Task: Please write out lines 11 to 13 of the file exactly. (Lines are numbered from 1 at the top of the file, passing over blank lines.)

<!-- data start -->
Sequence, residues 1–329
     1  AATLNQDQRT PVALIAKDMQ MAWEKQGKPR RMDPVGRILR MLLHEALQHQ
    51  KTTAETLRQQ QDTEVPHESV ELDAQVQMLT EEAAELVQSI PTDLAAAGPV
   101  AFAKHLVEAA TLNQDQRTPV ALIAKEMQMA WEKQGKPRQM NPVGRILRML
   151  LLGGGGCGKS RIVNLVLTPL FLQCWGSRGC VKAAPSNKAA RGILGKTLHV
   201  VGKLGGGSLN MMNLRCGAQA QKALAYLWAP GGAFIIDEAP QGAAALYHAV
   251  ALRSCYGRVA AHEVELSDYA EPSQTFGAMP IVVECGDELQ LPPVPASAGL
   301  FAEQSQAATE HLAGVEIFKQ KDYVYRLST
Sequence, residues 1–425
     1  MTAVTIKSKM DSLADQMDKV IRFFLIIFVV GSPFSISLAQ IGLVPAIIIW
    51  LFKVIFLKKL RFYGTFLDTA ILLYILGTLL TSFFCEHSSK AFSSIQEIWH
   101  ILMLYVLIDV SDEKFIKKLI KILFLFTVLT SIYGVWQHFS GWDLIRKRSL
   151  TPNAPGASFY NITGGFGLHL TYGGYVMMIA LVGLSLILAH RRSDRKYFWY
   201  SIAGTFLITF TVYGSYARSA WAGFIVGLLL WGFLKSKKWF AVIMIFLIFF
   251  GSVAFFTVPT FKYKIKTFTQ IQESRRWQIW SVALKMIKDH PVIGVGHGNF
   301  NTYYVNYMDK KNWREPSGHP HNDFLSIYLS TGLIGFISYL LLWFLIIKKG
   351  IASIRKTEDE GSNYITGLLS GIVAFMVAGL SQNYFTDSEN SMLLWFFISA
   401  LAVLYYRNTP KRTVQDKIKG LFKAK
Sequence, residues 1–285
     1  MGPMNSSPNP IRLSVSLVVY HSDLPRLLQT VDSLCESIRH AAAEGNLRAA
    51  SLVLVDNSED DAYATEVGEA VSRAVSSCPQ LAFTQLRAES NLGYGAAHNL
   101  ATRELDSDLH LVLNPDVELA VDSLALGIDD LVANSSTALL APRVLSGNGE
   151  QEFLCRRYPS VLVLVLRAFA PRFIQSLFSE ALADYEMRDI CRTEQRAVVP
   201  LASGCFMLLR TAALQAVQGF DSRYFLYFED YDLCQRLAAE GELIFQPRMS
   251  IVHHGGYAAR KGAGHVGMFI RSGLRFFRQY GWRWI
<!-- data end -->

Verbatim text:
    51  LFKVIFLKKL RFYGTFLDTA ILLYILGTLL TSFFCEHSSK AFSSIQEIWH
   101  ILMLYVLIDV SDEKFIKKLI KILFLFTVLT SIYGVWQHFS GWDLIRKRSL
   151  TPNAPGASFY NITGGFGLHL TYGGYVMMIA LVGLSLILAH RRSDRKYFWY